People living with HIV have a higher risk peripheral artery disease, which is a manifestation of cardiovascular disease, than the general population.
Andreas D. Knudsen, of Rigshospitalet in Copenhagen, Denmark, announced findings from a recent analysis of peripheral artery disease risk factors among HIV-positive individuals at the 2018 Conference on Retroviruses and Opportunistic Infections (CROI) in Boston.
Knudsen and his colleagues analyzed data from 908 people with HIV who were recruited from the Copenhagen comorbidity infection (COCOMO) study and compared them with 11,106 HIV-negative controls matched for sex and age. All study members were age 40 or older.
Participants received tests for blood pressure, lipids, glucose and eGFR (an indication of kidney function) as well as an hsCRP test (a cardiovascular disease screening tool) and also provided information on their smoking and medication history.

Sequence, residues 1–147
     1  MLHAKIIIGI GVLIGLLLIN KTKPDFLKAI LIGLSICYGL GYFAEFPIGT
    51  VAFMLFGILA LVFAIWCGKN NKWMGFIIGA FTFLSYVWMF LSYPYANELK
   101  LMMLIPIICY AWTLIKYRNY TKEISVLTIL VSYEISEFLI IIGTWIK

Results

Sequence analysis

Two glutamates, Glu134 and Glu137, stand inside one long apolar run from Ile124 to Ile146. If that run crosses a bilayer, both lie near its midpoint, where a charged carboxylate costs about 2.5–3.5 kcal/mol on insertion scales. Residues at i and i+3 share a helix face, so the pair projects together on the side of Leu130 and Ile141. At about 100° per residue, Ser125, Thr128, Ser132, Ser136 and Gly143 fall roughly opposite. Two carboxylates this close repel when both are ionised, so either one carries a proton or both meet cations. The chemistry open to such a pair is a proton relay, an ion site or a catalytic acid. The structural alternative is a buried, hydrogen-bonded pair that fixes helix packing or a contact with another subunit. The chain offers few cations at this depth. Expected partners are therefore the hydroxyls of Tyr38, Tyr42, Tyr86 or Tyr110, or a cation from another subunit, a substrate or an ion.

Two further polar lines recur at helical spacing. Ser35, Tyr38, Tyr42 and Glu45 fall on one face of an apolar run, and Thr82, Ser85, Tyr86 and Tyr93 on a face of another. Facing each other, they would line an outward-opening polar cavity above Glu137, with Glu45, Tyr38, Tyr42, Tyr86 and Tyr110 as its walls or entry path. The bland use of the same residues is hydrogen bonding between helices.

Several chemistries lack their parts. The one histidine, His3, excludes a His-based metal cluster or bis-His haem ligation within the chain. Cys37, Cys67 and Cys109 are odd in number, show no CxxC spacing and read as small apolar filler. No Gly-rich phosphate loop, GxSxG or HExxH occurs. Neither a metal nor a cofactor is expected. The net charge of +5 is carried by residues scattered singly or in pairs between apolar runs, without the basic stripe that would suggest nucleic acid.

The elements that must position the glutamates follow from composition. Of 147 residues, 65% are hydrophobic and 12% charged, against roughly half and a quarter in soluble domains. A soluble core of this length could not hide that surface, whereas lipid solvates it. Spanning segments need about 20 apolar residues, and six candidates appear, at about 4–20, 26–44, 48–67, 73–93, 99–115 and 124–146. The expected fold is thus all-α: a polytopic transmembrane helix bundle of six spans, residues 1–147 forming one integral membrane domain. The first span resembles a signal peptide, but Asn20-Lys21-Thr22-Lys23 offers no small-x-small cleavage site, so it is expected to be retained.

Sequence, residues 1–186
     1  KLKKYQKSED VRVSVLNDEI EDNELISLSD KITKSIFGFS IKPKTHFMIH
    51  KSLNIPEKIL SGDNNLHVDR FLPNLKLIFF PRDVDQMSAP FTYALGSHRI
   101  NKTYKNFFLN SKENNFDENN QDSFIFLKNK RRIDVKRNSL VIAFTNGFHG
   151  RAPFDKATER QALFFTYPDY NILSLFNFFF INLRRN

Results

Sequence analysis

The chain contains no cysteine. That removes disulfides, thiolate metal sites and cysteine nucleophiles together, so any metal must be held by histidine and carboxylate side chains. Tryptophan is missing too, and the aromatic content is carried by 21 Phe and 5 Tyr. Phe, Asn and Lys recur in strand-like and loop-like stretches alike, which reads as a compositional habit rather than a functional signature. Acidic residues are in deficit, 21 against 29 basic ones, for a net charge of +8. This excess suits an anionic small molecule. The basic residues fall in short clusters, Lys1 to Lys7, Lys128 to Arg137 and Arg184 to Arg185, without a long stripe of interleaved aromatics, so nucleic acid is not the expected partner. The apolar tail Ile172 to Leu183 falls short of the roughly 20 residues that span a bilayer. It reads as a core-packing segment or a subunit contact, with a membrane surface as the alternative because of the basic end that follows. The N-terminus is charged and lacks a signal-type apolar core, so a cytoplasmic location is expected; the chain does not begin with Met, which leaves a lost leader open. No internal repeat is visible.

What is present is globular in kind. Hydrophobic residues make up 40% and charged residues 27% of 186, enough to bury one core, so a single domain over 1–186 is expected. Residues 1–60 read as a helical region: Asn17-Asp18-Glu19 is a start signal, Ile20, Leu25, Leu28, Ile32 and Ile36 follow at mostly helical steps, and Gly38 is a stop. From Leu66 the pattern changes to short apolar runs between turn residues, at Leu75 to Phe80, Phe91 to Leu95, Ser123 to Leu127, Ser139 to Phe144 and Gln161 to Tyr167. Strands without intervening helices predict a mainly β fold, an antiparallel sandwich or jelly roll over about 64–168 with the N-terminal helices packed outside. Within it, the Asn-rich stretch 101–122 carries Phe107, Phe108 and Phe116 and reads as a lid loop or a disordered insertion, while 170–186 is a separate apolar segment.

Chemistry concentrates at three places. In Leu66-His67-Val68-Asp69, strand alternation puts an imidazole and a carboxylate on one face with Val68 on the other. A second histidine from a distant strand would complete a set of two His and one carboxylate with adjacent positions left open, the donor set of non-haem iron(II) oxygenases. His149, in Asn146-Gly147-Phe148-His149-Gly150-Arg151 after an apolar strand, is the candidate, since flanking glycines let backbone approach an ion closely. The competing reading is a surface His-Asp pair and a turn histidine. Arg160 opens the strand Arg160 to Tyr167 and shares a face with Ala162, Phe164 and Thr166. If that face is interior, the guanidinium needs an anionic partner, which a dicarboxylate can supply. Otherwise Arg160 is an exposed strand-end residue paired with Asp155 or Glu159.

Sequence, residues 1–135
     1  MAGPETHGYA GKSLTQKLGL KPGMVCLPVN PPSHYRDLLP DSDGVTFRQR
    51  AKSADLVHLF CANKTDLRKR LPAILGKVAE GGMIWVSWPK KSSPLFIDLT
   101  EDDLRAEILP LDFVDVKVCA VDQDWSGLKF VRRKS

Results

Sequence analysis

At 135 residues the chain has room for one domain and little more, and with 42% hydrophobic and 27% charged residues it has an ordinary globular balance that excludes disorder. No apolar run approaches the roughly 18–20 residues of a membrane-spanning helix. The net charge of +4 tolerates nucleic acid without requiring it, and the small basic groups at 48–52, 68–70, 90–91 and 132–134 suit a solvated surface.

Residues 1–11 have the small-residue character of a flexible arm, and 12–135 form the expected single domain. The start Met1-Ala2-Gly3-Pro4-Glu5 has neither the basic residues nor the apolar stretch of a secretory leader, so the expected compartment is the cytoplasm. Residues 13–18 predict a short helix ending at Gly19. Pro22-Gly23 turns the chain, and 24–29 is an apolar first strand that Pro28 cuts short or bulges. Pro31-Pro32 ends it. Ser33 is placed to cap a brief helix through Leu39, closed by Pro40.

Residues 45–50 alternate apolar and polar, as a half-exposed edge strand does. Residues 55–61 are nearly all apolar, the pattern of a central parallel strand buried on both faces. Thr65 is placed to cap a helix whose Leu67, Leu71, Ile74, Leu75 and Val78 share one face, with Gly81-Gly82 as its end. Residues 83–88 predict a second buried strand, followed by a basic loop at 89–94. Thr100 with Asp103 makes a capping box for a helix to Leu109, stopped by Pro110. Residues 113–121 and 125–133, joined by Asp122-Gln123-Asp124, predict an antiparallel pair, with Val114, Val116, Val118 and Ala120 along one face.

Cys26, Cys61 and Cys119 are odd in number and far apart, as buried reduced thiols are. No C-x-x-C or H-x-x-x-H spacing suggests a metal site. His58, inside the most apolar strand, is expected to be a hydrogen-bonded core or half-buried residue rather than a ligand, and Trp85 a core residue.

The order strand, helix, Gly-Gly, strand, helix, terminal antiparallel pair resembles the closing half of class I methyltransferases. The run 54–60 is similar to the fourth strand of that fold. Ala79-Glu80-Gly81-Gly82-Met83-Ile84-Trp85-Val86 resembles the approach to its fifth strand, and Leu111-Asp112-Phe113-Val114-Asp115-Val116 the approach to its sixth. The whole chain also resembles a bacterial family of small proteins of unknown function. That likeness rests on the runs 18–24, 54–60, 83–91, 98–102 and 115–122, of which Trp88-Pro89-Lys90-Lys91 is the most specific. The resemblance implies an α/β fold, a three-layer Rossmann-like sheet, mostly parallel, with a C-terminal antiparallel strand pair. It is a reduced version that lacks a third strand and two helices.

The study authors defined peripheral artery disease as an Ankle-brachial index test result of 0.9 or below.
After adjusting the data to account for differences between the two study groups according to age, sex, smoking status, abnormal lipids, diabetes, hsCRP and high blood pressure, the researchers found that HIV was associated with a 1.7-fold increased risk of peripheral artery disease.
Other factors independently associated with peripheral artery disease, regardless of HIV status, included age, being female, smoking status, high blood pressure, intermittent claudication (obstruction of the arteries) and kidney function.
Among those in the HIV group, various factors were not apparently associated with peripheral artery disease, including having an AIDS diagnosis, lowest-ever CD4 count, current CD4 count, CD4 to CD8 ratio, hepatitis C virus (HCV) coinfection, antiretroviral treatment or length of infection with the virus.
The researchers do not know the precise biological mechanisms that drive the higher risk of peripheral artery disease in people with HIV. Until more research can be conducted to answer related questions, the study authors stress the importance of focusing on modifiable traditional risk factors.
To read the conference abstract, click here.